March for Life 2019 Vice President Mike Pence, thousands attend rally

Thousands of anti-abortion activists, including many young people bundled up against the cold weather gripping the nation's capital, gathered at a stage on the National Mall Friday for their annual march in the long-contentious debate over abortion.

Signs reading "Choose love, Choose life," "I am the pro-life generation," and "Defund Planned Parenthood" dotted the crowd gathering under hazy, wintry skies at the morning rally.

Like last year, President Donald Trump addressed the group by video. He promised to veto any bill that “weakens the protection of human life.”

Trump and Vice President Mike Pence, who attended the event, listed actions the administration has taken over the past two years to deter abortions.

Trump noted that the administration has ensured foreign aid doesn’t flow to organizations that promote abortion. Pence credited Trump with nominating conservative judges to the federal bench.

Rep. Daniel Lipinski, D-Ill., who is one of the only anti-abortion Democrats in the House, also addressed the morning rally. Ben Shapiro, a popular conservative commentator, was the featured speaker.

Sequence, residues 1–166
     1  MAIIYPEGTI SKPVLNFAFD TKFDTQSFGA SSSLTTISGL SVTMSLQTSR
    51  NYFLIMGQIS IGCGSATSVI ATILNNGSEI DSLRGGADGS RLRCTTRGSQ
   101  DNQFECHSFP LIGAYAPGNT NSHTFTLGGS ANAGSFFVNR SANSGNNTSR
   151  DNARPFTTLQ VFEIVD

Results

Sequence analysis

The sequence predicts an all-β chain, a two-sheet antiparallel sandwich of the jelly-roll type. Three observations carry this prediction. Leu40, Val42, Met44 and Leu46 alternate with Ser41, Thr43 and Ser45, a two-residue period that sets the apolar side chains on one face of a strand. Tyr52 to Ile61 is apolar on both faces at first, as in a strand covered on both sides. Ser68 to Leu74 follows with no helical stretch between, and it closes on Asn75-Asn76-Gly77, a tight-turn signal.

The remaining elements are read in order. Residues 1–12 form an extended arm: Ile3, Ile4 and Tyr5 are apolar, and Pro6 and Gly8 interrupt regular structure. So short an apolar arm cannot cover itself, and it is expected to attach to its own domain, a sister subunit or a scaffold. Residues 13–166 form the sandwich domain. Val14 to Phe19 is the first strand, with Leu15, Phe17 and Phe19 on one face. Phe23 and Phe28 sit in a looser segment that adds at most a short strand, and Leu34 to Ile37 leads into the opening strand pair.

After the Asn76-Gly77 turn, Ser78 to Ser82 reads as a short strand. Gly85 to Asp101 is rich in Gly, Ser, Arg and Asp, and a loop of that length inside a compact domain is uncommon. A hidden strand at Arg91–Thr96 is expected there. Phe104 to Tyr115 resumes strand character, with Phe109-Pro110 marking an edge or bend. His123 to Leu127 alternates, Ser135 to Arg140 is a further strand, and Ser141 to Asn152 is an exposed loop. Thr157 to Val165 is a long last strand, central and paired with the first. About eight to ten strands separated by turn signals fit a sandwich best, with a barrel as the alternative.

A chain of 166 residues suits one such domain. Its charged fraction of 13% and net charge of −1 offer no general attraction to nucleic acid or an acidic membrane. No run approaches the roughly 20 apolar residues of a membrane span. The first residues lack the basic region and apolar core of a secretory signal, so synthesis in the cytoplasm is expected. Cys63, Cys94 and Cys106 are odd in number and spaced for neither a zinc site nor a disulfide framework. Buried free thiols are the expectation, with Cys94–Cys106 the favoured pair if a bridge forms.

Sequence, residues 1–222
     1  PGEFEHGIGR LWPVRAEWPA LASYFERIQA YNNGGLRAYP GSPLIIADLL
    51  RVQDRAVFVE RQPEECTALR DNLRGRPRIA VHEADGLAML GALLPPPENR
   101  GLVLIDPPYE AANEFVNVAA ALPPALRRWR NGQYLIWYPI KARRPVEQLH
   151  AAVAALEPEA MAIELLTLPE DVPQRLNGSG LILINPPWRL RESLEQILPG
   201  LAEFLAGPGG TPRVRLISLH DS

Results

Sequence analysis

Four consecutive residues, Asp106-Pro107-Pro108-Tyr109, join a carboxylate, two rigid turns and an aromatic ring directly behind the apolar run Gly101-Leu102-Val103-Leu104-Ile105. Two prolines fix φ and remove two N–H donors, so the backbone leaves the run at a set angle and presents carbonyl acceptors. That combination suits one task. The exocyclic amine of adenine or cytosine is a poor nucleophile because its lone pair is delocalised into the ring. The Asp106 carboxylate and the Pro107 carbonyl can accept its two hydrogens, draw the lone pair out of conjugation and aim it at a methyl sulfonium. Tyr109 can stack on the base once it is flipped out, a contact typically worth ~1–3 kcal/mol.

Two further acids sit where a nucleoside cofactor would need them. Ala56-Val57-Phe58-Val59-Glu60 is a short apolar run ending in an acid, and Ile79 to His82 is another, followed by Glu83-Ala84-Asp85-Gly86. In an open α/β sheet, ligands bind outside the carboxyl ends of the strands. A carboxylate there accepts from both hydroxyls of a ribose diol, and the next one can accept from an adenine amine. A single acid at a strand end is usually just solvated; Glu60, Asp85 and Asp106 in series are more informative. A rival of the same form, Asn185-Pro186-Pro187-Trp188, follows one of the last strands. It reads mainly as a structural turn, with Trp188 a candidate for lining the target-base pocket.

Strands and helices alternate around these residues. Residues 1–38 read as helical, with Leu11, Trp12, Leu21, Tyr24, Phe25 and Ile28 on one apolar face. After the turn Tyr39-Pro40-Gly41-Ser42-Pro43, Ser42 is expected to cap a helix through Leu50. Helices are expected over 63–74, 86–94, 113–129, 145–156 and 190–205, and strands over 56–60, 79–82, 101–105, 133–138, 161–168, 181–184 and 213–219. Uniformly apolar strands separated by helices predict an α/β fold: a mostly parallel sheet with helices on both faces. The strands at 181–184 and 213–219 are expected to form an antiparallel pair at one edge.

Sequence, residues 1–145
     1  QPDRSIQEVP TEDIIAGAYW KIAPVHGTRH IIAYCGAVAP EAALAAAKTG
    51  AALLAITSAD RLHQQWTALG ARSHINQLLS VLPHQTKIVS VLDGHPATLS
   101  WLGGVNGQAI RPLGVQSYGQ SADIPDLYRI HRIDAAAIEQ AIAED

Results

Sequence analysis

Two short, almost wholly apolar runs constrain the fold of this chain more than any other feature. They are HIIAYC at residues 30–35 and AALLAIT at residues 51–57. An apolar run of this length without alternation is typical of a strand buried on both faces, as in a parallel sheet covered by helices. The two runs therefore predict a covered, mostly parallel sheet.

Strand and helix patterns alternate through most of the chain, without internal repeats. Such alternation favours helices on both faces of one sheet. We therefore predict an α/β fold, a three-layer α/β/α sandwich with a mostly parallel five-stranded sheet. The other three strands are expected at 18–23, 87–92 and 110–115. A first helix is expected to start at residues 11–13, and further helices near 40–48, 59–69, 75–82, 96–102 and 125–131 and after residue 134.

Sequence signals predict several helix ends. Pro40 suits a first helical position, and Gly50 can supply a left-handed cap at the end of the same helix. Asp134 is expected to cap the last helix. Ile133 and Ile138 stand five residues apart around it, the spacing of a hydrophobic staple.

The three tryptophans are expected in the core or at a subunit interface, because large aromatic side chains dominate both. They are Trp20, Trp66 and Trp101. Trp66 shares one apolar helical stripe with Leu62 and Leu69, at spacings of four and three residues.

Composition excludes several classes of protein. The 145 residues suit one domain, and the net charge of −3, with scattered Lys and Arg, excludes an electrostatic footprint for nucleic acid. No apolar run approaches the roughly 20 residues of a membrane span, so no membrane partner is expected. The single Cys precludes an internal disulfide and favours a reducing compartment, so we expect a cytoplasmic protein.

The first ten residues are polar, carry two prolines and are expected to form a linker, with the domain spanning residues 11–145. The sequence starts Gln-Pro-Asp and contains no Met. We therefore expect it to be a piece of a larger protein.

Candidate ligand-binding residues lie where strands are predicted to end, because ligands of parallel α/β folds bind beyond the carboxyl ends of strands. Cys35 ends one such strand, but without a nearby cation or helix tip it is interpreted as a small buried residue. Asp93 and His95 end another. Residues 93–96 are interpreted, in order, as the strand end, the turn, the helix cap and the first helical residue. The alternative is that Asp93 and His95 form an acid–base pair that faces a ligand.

Shapiro spent his time on a live show "debunking" abortion rights arguments. He discussed the value of life and emphasized that his arguments were based in science, rather than religion alone. "Abortion is not just pulling a plug," Shapiro said. "Abortion is a violent act."

Pence and his wife Karen also made a surprise appearance at the Friday rally with a video message from Trump. "This is a movement founded on love and grounded in the nobility and dignity of every human life," Trump said in the message. "I will always defend the first right in our Declaration of Independence: the right to life."

Pence earlier called into Shapiro's broadcast from the march. "We've got a record of extraordinary progress on the right to life," Pence said of the Trump administration. "This will be the generation that restores the right to life in America."

He later tweeted about the administration's nomination of conservative judges and allowing "states to defund Planned Parenthood."